Maryland State Dinosaur - Astrodon johnstoni


In 1998, the Astrodon johnstoni was named the State dinosaur of Maryland (Chapter 404, Acts of 1998). The Astrodon lived in Maryland during the Early Cretaceous period, from 95 to 130 million years ago.

Astrodon means "star tooth" and derives from the fossils found in 1858 by Philip Tyson, then Maryland's State Agricultural Chemist. His discovery of two teeth in the Arundel Clay near Muirkirk in Prince George's County was one of the earliest dinosaur finds in this country and the first in Maryland. Tyson gave the teeth to a local doctor and dentist Christopher Johnston, who sliced a tooth into cross sections, discovering a star pattern. In his 1859 article for the American Journal of Dental Science, Dr. Johnston called the species Astrodon.

Astrodons were sauropods ("lizard-hip"). These large dinosaurs weighed up to 20 tons. They had small heads, long necks, and long tails. Strong, solid legs supported their rounded bodies. Adult Astrodons could be 50 to 60 feet long, and more than 30 feet tall. They were herbivorous, probably feeding on conifers, ferns, and other plants.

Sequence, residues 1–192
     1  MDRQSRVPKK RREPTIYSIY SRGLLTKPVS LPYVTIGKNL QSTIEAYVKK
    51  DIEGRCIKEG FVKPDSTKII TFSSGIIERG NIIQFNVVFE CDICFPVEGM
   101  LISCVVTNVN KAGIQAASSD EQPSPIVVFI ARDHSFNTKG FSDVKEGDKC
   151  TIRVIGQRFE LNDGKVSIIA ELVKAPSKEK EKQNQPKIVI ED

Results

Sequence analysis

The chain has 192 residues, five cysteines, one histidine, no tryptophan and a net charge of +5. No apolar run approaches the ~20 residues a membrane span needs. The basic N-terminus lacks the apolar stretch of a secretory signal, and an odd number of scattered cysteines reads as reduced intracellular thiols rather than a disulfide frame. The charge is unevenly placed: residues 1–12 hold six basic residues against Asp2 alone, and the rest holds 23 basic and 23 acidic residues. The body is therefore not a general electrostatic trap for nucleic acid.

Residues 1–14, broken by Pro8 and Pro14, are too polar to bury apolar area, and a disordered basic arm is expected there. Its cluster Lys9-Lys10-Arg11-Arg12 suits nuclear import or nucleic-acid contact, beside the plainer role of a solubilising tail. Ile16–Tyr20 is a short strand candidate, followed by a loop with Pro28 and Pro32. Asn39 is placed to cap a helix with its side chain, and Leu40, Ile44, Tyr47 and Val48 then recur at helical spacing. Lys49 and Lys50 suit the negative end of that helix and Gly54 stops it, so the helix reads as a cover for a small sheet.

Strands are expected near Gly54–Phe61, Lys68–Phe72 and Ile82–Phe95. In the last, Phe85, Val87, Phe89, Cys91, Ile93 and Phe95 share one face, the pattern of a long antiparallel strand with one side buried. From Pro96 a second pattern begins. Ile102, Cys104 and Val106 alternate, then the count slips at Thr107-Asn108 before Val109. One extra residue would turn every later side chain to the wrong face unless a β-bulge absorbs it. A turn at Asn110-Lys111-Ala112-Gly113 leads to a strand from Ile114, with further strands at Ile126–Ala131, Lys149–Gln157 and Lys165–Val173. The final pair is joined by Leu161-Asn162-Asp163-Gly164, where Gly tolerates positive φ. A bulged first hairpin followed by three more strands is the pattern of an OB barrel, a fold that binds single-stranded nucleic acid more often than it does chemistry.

[black and white drawing of Astrodon johnstoni]
Astrodon johnstoni. Drawing courtesy of Maryland Geological Survey.
Original drawing by Gregory S. Paul, 1988.


[color drawing of Astrodon johnstoni]
Astrodon johnstoni. Illustration by Mark Crowell, 1998.


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 Maryland Manual On-Line, 2000

July 18, 2000   
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